NPF_DimSum_Vol42Dim sum has its roots in the Chinese tradition of yum cha, or tea drinking. Silk Road travelers would stop for yum cha at teahouses, and proprietors began adding small snacks to complement the tea. Over the centuries, the Cantonese dining style has transformed from a restful experience into a loud, happy one – in fact, when Chinese immigrants brought yum cha and dim sum to the West in the 1800s, it may have marked the beginning of American brunch.

Dim sum is still a popular choice for Sunday meals for families of Chinese decent and beyond. And now we are seeing operators that have embraced the traditional service in America – and as its popularity grows, the cuisine inevitably evolves. Diners want to experience new restaurants, cuisines and styles of cooking in a familiar way, and dim sum is growing to include more than classic Cantonese cuisine.

Traditional dim sum has two styles of service that benefit both front and back of house: a menu of small plates to share and mobile carts from which guests can select ready-to-eat items. It is particularly suited to diners’ desire for adventure, because the option to see the food, pick and choose small portions to taste and share throughout the evening gives them a sense of control. They can try new dishes and flavors with little risk. Wait staff can engage with diners in a different way as well, offering and suggesting dishes based on what the diner is ordering and enjoying. And the kitchen gets more flexibility, without worrying about working tickets and timing courses – dishes are prepared in small batches and offered when they are ready to go.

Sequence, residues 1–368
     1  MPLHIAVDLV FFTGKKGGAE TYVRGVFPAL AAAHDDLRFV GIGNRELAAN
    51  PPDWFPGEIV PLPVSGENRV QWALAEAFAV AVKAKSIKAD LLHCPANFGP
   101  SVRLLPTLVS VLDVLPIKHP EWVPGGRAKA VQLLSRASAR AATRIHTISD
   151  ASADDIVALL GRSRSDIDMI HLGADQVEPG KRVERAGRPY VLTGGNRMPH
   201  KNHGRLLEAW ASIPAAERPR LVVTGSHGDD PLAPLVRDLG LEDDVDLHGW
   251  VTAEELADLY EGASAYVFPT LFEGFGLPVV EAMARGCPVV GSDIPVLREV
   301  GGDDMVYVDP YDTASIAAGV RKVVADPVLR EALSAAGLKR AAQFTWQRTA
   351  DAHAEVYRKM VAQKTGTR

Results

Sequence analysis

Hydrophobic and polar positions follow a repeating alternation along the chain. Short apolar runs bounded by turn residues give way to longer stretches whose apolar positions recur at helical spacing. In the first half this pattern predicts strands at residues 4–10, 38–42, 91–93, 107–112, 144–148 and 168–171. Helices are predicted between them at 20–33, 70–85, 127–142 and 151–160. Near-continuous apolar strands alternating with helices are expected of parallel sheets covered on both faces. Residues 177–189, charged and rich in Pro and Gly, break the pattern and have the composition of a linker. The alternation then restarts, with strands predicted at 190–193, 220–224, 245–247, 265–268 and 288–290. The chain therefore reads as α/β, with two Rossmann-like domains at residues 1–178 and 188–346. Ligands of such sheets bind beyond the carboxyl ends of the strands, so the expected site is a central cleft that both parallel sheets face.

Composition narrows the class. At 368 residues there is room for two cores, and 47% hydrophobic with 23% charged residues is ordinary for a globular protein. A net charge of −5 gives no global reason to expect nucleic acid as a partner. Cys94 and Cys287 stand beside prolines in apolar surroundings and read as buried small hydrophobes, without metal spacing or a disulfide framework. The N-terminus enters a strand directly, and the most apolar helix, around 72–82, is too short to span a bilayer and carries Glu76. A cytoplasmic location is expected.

Global dim sum is a growing trend. Restaurants across the country are taking advantage of the traditional service style to offer a variety of cuisines and preparations, and diners are starting to take notice.

Take a look at restaurants that are doing more with dim sum:

State Bird

State Bird Provisions, San Francisco, CA

  • Run by the husband-and-wife, chef-owner team of Stuart Brioza and Nicole Krasinski, State Bird Provisions rolls out dozens of dishes a night on dim sum-style carts.
    • Pork Belly Citrus Salad
    • Guanciale Chawanmushi
    • Snacking Pork with apple mostarda
    • Mushroom and Pork ‘Fried Rice’ a la plancha

má pêche, New York, NY

  • Part of David Chang’s momofuku empire, má pêche has been taking classic dim sum to new heights. Diners can order a la carte offerings or choose from a selection of passed dim sum plates presented tableside from cart service.
    • Pork Bun with hoisin, cucumber and scallion
    • Spicy Pork Rice with black beans and Szechuan peppercorn
    • Breakfast Noodle with chorizo, a soft egg and queso fresco


Church Key, Los Angeles, CA

  • This interactive LA hotspot from Chef Steven Fretz offers a modern American take on dim sum, wheeling both food and cocktails to the table on carts. The restaurant offers a printed menu as well as dim sum-style small bites.
    • Pork-stuffed Egg Rolls
    • Pig’s Ear “Cheetos” with guacamole fluff
    • Crispy Pork Belly with gochujang glaze and cashew butter